By the time Australians are straggling back to work after Australia Day the synod on synodality will be moving into its Continental Stage – and the beginning of two years of a massive global transformation for the Church.
Australia is a member of the Federation of Catholic Bishops Conferences of Oceania (FCBCO). Its Continental Assembly will gather in Suva, Fiji, from 5-10 February 2023.
FCBCO President Archbishop Peter Loy Chong of Suva looks to be the leading figure in the region for this next stage of the synod, and has begun to show what Oceania’s priorities will be.
At a three-day conference in late November hosted by the FCBCO and Australian Catholic University called Our Ocean Home, Archbishop Chong laid out an agenda for “Oceanian theology”.
He is drawing on decades of ecumenical work by Pacific Islanders but much of his approach will surprise Australian Catholics, including some bishops.
“Archbishop Chong said theology in Oceania needs to move away from a romantic approach to inculturation, in which Indigenous symbols and themes are used by outsiders to explain doctrine to local people.”
Archbishop Chong seems to be inspired by three sources: environmental concerns, Indigenous practices and ways of knowing, and liberation theology.
To put the last first: the Archbishop said theology in Oceania needs to move away from a romantic approach to inculturation, in which Indigenous symbols and themes are used by outsiders to explain doctrine to local people.
Archbishop Chong said that these approaches must give way to “action on behalf of suffering peoples”.
He cited radical liberation theologians Dorothy Soelle, Jon Sobrino, Gustavo Gutiérrez, Leonardo Boff and others as influences.
The ongoing influence of Latin America on the global synodal realignment can perhaps be felt most strongly here; liberation theology was firmly censured during the previous two pontificates, but is now returning to the centre of theological discourse in the developing world.
The second major source of Oceanian theology – threats to the environment – draws heavily on the Holy Father’s encyclical Laudato Si’ in its emphasis on integral ecology.
At the Our Ocean Home conference, First Nations representatives from Papua New Guinea, Tuvalu, Fiji and other nations, alongside scientific experts, spoke of the effects of climate change, extractive industries, industrial pollution, overfishing and other sources of degradation on Pacific Nations.
Ms Rosa Koian, an activist from PNG, gave a fascinating insight into the economic and environmental impacts of the “total failure” of the country’s deep-sea mining project, Solwara 1.
Contractor Nautilus Minerals began exploratory drilling with specially-retrofitted robots in 2016, promising to mine undersea thermal vents for zinc, cobalt, manganese and other raw materials.
Now the company is in administration and the PNG government is struggling to recover nearly AUD$160m.
“A local theology for Oceania would instead start from the environmental and traditional practices Indigenous to the area.”
“Have they brought any tangible benefits for us? We haven’t seen much except damages,” Ms Koian said.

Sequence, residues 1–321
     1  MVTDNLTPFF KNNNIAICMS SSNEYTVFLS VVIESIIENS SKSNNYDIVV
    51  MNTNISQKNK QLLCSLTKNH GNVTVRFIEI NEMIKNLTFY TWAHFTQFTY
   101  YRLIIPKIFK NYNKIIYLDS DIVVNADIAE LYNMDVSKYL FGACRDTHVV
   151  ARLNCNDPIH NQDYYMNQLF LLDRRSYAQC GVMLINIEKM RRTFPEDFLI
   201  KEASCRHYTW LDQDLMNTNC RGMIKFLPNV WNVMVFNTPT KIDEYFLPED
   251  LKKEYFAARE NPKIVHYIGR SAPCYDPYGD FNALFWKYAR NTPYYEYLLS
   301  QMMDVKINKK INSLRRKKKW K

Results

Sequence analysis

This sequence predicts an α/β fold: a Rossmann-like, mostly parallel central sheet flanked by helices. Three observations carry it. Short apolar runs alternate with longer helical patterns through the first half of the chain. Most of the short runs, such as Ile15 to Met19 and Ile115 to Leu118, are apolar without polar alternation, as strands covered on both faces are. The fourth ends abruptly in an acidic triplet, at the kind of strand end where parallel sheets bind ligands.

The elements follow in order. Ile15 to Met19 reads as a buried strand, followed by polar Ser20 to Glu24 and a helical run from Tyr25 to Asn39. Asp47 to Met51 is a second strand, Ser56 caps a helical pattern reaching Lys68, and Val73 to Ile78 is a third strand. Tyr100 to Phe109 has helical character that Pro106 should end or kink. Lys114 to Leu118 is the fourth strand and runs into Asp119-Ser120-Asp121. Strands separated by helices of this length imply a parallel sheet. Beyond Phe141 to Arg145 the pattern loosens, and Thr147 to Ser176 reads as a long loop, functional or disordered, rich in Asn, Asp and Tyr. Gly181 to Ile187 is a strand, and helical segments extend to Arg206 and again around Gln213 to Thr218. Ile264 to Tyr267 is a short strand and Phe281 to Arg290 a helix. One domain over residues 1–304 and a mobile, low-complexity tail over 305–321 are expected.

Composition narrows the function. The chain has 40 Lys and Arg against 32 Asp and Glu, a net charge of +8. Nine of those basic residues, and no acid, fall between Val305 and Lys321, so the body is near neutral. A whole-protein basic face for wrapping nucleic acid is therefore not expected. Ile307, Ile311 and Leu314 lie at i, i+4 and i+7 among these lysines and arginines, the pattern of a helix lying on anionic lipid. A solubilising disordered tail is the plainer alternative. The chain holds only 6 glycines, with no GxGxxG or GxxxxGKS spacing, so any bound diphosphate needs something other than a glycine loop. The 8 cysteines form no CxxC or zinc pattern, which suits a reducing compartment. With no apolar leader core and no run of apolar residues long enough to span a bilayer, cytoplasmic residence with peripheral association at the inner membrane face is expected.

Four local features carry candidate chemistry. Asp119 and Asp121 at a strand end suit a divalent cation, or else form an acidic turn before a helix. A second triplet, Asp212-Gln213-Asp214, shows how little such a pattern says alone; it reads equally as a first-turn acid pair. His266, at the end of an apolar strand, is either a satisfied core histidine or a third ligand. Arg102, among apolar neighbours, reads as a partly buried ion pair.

Should the Church concern itself with such a situation? Oceanian theology says yes, because Indigenous practices and the environment are felt to be highly inter-dependent, and are threatened by Western economic and technological colonisation.
A local theology for Oceania would instead start from the environmental and traditional practices Indigenous to the area.
For example, Archbishop Chong promoted the Tongan-born Fijian Anglican Bishop Winston Halapua, whose “Theomoana” theology takes the ocean [moana, for which the Disney character is named] as its foundation.
Bishop Halapua wrote in 2008 that a moana approach [vaka] is “a way of promoting justice, peace and hope”.
“Intrinsic to the vision and the whole construction of the vaka is a whole paradigm shift which is distinct from a land-locked approach.
“The whole world view embodied by the vaka is the interconnectedness of the oceanic context with the planet earth.”
Another key concept is talanoa – story-telling, discourse, dialogue, with an emphasis on circularity rather than argument.
It lines up neatly with practices like Aboriginal “yarning circles”, with the “spiritual conversations” that were the governing methodology of the Plenary Council, and indeed with the circularity of the synodal project in general.
A whole host of these “contextual theology” approaches have been developed in Oceania in recent decades, beginning with the work of the late Reverend Dr Sione ‘Amanaki Havea.
Rev Havea is most famous for his 1985 statement that if Jesus had lived in the Pacific, he would have said, “I am the Coconut of Life.”
“Yet for those only just tuning in now, the whole point of synodality is to bring into the centre the symbols, themes and language of the margins.”
For many Sydney Catholics this “Coconut theology”, as it is called, will come as a novelty.
The whole idea of an Oceanian theology might be a bridge too far for some – doesn’t the Church already have its theology? Isn’t St Thomas Aquinas for everyone?
Yet for those only just tuning in now, the whole point of synodality is to bring into the centre the symbols, themes and language of the margins – Indigenous people and the developing world in particular, given Pope Francis’ priorities.
Indeed the document for the Continental Stage, which will be discussed in Suva in February, takes Isaiah 54:2 as its scriptural focus, calling on the Church to “enlarge the space of your tent”.
Can the church grow large enough to fit both Sydney and Suva’s priorities in the one tent?
We’ll have to wait until February to find out.